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Subject: Re: [boost] [optional] Safe optional
From: Vicente J. Botet Escriba (vicente.botet_at_[hidden])
Date: 2014-11-19 17:05:57

Le 19/11/14 21:46, Vladimir Batov a écrit :
> On 11/19/2014 05:58 PM, Vicente J. Botet Escriba wrote:
>> Le 19/11/14 01:55, Vladimir Batov a écrit :
>>> On 11/19/2014 10:52 AM, Vicente J. Botet Escriba wrote:
>>>> Le 18/11/14 22:35, Vladimir Batov a écrit :
>>>> ...
>>>>> 2. I find it troubling that you keep bringing "remove implicit
>>>>> conversion from T " up. That indicates that the property is close
>>>>> to the top of your "grievances" list. On my side, I find that
>>>>> implicit conversion essential for sane interactions of users with
>>>>> "optional". Back a while, when we were discussing "optional" (was
>>>>> it ISO forum?), I remember Fernando Cacciola expressing the same
>>>>> opinion (and as strongly). I'd greatly appreciate if you could
>>>>> please provide practical usage/deployment examples where implicit
>>>>> conversion from T causes a problem.
>>>> It is about the pre-conditions. Before doing a conversion you need
>>>> to ensure that there is a value. This give an if-the-else style
>>>> that doesn't scale when you have several optionals in the game.
>>> Hmm, aren't we talking about different conversions? I was referring
>>> to "T to optional<T>". I have the feeling that you are referring to
>>> "optional<T> to T". I've never been advocating the implicit latter.
>> You are right. I was referring to optional<T> to T conversions. The T
>> to optional<T> conversion suffer from overload resolution ambiguity.
>> void f(int);
>> void f(optional<int>);
>> f(1); // ambiguous.
> As Andrey already pointed out (while I was asleep :-) it is not
> ambiguous.
>> but this is a different problem.
> Andrey, I and GCC insist that there is not problem here. :-)
void f(long);
>> Removing the conversion will make the following code correct
>> f(1);
>> f(make_optional(1));
> Again, (1) the code is already correct as-is. (2) asking the library
> user to call "f(make_optional(1))" where he conceptually deals with
> "ints" is cruel and wrong. The user needs to to program and deal with
> his domains concepts ('int' in this particular case) not
> optional<int>. Logically, from the user perspectives, the no-int
> condition is not part of the range. It's special case. Technically,
> for implementation purposes, however, it is. That's where "optional"
> steps in and bridges the gap between logical/human view and
> implementation. Contorting the human view to cater for implementation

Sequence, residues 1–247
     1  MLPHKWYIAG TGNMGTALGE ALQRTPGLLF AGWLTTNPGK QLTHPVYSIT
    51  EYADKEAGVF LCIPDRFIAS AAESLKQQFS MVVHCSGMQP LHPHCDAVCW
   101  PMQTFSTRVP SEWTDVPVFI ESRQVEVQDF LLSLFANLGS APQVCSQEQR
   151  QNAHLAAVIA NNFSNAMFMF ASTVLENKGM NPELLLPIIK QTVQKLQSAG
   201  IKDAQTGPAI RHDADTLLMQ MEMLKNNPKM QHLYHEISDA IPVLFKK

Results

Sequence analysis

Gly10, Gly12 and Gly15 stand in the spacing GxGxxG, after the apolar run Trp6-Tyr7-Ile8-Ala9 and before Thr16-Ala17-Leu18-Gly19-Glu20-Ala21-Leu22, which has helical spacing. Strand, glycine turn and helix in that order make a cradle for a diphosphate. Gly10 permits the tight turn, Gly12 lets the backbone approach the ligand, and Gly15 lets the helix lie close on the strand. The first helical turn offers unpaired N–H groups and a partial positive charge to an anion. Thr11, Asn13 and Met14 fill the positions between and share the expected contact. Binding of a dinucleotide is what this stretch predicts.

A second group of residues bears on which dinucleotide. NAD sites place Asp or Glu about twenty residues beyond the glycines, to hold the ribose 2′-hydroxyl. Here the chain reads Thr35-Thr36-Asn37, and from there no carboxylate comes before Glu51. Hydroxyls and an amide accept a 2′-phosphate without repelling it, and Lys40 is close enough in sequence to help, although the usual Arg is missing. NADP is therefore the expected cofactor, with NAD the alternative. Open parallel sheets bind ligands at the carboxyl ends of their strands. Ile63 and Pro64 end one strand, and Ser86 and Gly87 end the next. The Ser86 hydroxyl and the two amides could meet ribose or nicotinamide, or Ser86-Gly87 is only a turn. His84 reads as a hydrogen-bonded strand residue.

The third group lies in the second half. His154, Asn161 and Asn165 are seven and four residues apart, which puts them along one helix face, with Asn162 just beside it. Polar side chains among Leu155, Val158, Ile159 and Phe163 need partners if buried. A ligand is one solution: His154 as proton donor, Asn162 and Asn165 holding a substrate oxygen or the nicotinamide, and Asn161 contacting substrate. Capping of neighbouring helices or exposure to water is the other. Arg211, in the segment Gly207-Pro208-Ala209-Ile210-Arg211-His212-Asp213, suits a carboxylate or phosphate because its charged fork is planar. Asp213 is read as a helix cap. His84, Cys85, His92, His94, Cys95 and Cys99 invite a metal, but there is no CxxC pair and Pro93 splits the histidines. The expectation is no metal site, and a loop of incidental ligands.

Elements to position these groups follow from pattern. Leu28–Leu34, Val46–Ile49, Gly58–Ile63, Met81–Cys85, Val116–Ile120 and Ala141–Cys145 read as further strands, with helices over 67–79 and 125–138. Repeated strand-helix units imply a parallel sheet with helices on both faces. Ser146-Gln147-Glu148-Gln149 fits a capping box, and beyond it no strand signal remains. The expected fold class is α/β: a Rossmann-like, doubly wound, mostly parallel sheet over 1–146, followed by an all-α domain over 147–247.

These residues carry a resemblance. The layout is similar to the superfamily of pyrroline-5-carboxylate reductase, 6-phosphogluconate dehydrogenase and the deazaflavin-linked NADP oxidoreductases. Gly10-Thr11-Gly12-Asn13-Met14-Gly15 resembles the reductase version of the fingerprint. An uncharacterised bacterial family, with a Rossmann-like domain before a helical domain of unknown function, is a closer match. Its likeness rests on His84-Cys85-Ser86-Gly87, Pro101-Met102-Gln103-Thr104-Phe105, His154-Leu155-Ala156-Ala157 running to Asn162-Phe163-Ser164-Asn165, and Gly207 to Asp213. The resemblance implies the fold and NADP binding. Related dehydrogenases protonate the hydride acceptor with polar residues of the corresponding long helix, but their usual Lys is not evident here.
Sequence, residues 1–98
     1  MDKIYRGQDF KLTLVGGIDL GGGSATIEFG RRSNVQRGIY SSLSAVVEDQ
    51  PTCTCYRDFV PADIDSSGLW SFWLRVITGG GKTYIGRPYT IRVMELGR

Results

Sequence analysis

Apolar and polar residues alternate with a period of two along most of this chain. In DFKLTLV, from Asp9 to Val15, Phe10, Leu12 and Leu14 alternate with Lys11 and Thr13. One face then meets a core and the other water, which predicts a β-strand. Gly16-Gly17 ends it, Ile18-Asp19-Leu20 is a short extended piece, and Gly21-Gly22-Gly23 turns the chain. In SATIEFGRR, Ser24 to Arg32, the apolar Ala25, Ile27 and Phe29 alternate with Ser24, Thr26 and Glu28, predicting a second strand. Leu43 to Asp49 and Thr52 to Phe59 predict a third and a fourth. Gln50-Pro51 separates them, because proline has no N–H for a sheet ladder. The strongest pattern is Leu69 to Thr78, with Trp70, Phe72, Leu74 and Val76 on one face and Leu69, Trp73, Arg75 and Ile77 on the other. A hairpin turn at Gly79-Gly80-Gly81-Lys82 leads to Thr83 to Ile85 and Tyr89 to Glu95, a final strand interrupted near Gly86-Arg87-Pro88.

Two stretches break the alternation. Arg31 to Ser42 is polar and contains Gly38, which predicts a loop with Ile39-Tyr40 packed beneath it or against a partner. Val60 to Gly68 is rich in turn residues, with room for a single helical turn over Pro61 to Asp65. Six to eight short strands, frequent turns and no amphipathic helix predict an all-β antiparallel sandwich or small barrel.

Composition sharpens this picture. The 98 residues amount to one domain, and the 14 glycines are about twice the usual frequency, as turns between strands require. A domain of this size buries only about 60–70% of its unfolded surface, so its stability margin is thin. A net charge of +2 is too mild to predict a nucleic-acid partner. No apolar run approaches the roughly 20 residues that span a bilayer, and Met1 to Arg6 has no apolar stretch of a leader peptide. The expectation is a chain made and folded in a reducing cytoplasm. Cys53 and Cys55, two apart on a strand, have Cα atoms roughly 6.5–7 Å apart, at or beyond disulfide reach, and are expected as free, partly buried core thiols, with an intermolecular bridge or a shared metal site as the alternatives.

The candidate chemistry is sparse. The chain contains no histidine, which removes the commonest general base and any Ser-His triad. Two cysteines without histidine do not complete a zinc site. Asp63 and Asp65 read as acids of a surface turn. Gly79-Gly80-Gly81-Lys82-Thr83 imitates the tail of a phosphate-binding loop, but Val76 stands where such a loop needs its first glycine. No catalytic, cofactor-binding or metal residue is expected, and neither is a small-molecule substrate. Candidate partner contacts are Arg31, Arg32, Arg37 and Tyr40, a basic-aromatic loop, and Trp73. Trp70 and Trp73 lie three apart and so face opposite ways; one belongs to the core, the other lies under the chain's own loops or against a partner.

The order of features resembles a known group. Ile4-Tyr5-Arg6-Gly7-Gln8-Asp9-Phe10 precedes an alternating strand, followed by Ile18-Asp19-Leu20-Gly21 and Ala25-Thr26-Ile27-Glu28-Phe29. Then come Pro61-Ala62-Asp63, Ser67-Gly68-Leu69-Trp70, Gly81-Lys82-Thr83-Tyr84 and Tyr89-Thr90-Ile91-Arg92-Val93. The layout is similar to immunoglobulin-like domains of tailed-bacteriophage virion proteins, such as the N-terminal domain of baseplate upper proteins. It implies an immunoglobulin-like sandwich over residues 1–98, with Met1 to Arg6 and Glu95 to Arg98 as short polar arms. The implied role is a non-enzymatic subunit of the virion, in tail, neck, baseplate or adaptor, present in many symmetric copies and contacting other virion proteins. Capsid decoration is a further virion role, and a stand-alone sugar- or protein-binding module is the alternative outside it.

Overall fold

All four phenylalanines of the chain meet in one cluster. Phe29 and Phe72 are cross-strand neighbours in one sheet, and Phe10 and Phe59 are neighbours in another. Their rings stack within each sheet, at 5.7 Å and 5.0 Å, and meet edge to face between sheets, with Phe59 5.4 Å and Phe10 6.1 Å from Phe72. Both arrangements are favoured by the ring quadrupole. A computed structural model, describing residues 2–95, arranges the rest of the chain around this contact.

> has always been wrong.
My examples are not the best. Andrzej one in this thread is much more

   return ac.weight() > ac.max_weight();

The safe_optional would just not accept this expression. I understand
people that could prefer this security.
>> ...
>> For those that have not yet see the Seasoning talk from Seam Parent I
>> suggest you take a look at the no-raw-loops part The other are also
>> interesting, of course, but this part is really related to what we
>> are discussing.
>> I agree with you that in general people don't even know all the std
>> algorithms are there (and that they can create their own).
> I've been in s/w longer that I can remember and to be honest those
> std::for_each and the ilk do not grow on me... unless they provide
> *real* functionality (like sorting, etc.)... and I honestly tried to
> love them... The reason is simple -- readability. I jump back to the
> old code and immediately see/understand what it does. Lambdas *might*
> address that... Can't judge... C++0x compilers throughout.
I can understand you if you are using a C++98 compiler. The for_each
example has already been replaced by range-based for, but there is much
more than for_each.

do-notation result in code more readable. All we need in C++ is to add
some syntactical sugar to cover the common cases. operator await would
be a major step in this sens. await propagates the not-a-value cases,
and return converts explicitly to the result type. But the conversion
from T to M<T> is not implicit. We need some kind of make factory that
results in something that is implicitly convertible to M<T>.

what do you think of

   f( explicit 1 );

to state that we want an explicit conversion to a M<int>?


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